Davis Delivers Opening Statement at Hearing on Impact of COVID-19 on Elections

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WASHINGTON – Committee on House Administration Ranking Member Rodney Davis (R-Ill.) delivered the following statement during a Subcommittee on Elections hearing titled, “The Impact Of COVID-19 On Voting Rights And Election Administration: Ensuring Safe And Fair Elections.”

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The Impact Of COVID-19 On Elections

Davis’ remarks as prepared for delivery:

As a nation we are facing a number of crises, and not just related to the COVID-19 and elections. It is more critical than ever that our electoral systems are efficient, trustworthy, and secure. As a Subcommittee, we have the opportunity today to do the work the American people demand of us. I am committed, as I have always been, to ensuring every eligible American is able to freely vote. But I cannot surrender or dilute the sanctity of a single vote for changes in our laws that risk undermining the integrity of our elections. Unfortunately, I believe many of the changes proposed by the majority this Congress would do just that.

Today, as we explore how the coronavirus has and will continue to impact election administration, we must note that many of the changes proposed by the majority were proposed prior to the coronavirus. H.R. 1, for instance, included same-day registration, required early voting, vote by mail expansion, and required the counting of provisional ballots; all items that Speaker Pelosi has once again put forward. Some of the proposals recently put forth have nothing to do with limiting the spread of the virus. For example, allowing unlimited ballot harvesting would likely have the opposite effect by placing ballot brokers in the living rooms of voters. Other ideas may have merit and I welcome the opportunity to explore these at this hearing.

When it comes to issues of election administration, I believe I have proven to be pragmatic and willing to listen to reason. For instance, when the National Association of Secretaries of State raised concerns over federally appropriated funds in the CARES Act, I sent a letter to Chairperson Lofgren expressing my willingness to explore their concerns. I have also put forward my own ideas about how to reform the elections process. I have introduced four separate pieces of legislation meant to strengthen, not only our elections, but also the American public’s faith in them. If there is a way to strengthen our democracy at the federal level, without trampling the rights of our states, I am all for it.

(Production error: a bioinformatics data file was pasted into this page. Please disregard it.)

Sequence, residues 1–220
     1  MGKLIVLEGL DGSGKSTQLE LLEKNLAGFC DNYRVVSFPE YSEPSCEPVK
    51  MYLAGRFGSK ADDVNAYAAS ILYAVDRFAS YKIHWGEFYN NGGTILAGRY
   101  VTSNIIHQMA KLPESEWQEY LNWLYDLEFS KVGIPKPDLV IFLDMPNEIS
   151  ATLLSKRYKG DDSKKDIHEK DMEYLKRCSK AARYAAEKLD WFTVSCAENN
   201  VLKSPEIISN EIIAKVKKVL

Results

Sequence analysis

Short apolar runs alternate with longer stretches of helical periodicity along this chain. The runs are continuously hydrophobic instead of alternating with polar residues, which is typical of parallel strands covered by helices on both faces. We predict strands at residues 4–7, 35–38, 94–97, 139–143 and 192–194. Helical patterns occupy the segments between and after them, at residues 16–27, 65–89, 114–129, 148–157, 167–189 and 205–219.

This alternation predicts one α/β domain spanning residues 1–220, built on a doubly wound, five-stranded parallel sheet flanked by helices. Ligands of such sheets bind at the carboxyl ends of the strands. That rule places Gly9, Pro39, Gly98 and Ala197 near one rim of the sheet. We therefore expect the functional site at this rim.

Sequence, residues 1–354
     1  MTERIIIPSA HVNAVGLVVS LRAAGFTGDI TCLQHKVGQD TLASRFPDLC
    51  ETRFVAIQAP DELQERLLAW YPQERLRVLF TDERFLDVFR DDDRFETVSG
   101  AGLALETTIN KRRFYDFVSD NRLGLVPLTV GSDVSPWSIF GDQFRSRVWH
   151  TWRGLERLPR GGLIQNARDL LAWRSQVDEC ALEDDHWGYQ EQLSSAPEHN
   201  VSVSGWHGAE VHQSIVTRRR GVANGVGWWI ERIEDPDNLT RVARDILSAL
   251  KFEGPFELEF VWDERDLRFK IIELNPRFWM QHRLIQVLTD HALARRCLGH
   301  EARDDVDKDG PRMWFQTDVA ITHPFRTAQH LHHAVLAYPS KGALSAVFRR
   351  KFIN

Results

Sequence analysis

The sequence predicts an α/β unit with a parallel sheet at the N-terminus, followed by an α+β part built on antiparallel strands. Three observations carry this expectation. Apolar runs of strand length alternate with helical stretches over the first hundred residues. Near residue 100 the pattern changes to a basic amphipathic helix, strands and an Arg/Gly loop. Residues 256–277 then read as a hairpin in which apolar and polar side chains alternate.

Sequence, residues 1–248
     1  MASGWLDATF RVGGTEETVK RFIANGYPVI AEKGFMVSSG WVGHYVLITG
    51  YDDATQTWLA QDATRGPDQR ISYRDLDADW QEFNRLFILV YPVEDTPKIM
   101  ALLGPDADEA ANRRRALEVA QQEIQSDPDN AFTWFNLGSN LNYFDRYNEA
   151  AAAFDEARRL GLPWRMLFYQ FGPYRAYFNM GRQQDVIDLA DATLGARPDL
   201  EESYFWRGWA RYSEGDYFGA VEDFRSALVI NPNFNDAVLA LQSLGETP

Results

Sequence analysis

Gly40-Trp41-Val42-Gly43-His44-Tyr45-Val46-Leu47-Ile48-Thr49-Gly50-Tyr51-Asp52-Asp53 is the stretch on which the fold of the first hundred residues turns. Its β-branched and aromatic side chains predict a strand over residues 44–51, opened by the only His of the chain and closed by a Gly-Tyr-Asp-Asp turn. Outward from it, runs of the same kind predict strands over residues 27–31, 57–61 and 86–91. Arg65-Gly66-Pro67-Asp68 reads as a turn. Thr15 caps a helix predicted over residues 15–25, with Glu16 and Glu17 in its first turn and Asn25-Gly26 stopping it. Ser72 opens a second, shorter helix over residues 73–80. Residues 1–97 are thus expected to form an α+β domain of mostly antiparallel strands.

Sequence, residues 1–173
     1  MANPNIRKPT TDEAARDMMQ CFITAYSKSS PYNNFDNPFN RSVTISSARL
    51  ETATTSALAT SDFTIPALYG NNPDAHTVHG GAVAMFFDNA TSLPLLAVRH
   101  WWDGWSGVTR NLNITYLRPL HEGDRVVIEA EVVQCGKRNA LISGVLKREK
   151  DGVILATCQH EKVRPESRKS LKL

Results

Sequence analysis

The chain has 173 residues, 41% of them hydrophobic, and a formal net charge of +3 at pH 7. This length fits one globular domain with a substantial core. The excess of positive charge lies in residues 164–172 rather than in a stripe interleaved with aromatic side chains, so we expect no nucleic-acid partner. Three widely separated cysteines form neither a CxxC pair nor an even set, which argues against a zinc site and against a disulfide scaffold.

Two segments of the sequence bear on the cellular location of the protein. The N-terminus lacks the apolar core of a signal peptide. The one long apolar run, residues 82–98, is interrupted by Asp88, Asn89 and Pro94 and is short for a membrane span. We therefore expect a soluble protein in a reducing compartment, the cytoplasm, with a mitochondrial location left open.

However, I want to be very clear about my policy priorities, which are informed by the work of this committee over the last 18 months. First, live ballots should not be mailed to those who didn’t request one. This is especially true in states like California where voter registration lists have not been maintained, leading to situations like in Los Angeles county where potentially 1.5 million ineligible voters sit on the rolls. Second, we must not allow nationwide, unlimited ballot harvesting. And finally, we must not allow ballots returned or post marked after Election Day to be counted, nor must we allow ballots returned before Election Day to be counted early. These proposals risk the integrity of our elections process and are frankly, irresponsible.  If we can move past these items, then Madame Chair, you will find a willing partner in me.

Priorities For The 2020 General Election

The question then is, where do we begin? Heading into the 2020 general election I have three priorities. One, all voters who choose to vote in person must be able to do so safely. I believe the funds included in the CARES Act have, and will, go a long way in this effort. Two, states that wish to expand their vote-by-mail and absentee operations must do so without sacrificing the security of the vote. This must include voter list maintenance; this one requirement, if enforced, could dramatically reduce the time many voters have to spend in line and significantly reduce the number of personnel needed to administer an election. And three, states and the federal government must work together to ensure the American public view the 2020 election with legitimacy.

Critical to all three of these priorities is vote-by-mail. I support states that are taking steps to increase their capacity for mail-in voting. But to presume that every state should, or even can, dramatically increase this capacity is ridiculous.

Many states, including two represented today, had less than 4% of voters participate in the last election through casting an absentee ballot. To ask that they move to a primarily vote-by-mail system prior to November would be to ignore the realities of election administration and the very real lack of equipment to make such a transition, some of which takes months to manufacture and deliver.

Additionally, the Department of Homeland Security has warned states against reducing in-person voting locations in favor of vote-by-mail as it could have a dramatic effect on voter access, lines, and congestion. This is exactly what happen in Milwaukee where in-person voting locations were reduced from over a hundred, to just five.

Further, to ask state populations who have never voted by mail before to suddenly do so, with little to no public education, would disenfranchise these voters. Election officials reject almost 2 percent of ballots cast by mail for a variety of reasons, this is double the rate for in-person voting. If we want to talk voting rights, that is a voting rights issue.

While I do not have the time to discuss every policy proposal, I want to reiterate that our effort cannot, and will not, end here today. I look forward to hearing from our witnesses. I yield back.

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